Mention of the Franc-tireurs is also made in other sources held by the IHR’s library, but in a very different context. The Documents pour servir à l’histoire de l’invasion Allemande dans les provinces de Namur et de Luxembourgwas compiled and edited in the early 1920s by the abbot of Maredous, Norbert Nieuwland and Jean Schmitz, secretary to the bishop of Namur. The eight volume work offers a comprehensive account of the invasion but paints a very different picture than either Max’s or Graeffe’s diaries. As outlined by the editors, the work sought to, ‘montrer par des témoignages de première main, quel est le régime, quels sont les traitements que l’armée allemande a fait subir à la population civil durant l’invasion’, dedicating it, ‘à la mémoire de tous morts et martyrs’ (vol. 1, xi-xii). Given this statement of intent, such incidence such as the civilian massacres at Tamines and Dinant (to name only two) are described in hundreds of accounts published in each volume.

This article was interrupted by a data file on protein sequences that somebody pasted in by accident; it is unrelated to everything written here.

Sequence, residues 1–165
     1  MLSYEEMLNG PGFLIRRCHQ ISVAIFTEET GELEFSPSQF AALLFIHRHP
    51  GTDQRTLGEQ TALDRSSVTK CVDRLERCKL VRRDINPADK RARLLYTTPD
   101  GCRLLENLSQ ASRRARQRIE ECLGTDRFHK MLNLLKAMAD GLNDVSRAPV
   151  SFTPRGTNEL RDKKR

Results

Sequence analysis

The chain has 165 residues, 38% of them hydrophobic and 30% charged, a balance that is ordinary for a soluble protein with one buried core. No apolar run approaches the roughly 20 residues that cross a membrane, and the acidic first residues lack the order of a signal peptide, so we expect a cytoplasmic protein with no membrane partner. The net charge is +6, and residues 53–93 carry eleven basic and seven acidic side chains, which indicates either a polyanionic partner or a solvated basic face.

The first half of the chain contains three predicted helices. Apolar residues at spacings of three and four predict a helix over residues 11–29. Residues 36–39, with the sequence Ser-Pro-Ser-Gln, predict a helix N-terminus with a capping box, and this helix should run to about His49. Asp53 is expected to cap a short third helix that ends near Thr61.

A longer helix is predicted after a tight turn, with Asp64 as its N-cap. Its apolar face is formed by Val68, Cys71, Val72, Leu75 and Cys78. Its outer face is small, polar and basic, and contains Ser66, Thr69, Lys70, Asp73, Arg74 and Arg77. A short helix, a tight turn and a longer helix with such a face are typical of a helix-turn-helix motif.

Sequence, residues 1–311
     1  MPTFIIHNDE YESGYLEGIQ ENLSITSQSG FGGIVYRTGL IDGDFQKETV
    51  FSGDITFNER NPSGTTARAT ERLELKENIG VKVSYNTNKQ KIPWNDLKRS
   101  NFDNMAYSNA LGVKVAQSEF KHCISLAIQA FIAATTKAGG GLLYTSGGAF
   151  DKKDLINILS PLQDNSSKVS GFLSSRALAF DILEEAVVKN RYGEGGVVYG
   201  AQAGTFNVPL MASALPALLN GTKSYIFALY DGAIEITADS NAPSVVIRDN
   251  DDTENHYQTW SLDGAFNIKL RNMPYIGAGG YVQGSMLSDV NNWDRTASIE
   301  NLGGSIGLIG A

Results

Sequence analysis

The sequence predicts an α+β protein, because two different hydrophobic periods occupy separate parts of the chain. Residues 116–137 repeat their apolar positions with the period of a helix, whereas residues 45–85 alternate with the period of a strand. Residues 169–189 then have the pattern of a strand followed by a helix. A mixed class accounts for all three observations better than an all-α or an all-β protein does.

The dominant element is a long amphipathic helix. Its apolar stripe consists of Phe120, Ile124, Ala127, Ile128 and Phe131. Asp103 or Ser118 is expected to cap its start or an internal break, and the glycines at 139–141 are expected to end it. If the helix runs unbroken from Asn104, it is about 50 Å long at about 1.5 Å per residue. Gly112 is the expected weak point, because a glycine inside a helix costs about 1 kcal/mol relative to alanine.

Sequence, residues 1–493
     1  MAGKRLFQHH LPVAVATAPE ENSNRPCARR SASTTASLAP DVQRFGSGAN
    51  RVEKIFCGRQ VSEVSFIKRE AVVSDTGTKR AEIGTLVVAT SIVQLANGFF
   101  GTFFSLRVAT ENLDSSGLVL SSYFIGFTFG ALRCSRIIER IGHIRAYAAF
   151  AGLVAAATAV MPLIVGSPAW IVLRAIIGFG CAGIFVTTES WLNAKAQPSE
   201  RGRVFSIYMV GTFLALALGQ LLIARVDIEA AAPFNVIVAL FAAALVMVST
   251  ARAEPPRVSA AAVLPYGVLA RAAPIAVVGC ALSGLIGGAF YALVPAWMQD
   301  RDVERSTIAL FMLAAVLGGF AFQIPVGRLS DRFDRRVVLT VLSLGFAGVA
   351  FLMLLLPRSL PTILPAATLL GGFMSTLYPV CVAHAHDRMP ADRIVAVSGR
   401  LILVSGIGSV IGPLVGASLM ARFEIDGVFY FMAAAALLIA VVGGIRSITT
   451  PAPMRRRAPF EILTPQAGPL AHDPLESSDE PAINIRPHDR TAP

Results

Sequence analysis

Oscar von der Lancken-Wakenitz (German diplomat and administrator based in Brussels 1914-1918)
Accounts from the German perspective tend not to dwell on these horrific events. The reports and memoirs by German diplomat and head of a Politische Abteilung throughout the occupation, Oscar von der Lancken-Wakenitz (1867-1939) mention little of the initial invasion, giving details, instead, on the day to day concerns of the German administration such as the staunch defiance of the Belgian Cardinal Mercier (Nov. 1915-Jan. 1916, pp. 164-168 & Aug. 1916-Jan. 1917, pp. 233-236) as well as the implementation of Flamenpolitik, a policy which sought to widen societal fissures between the Flemish and Walloon population, promoting the status of the Flemish (viz. Germanic) culture over the southern Francophone Walloons (Meine dreissig Dienstjahre, pp. 211-220; see also Les archives du Conseil de Flandre).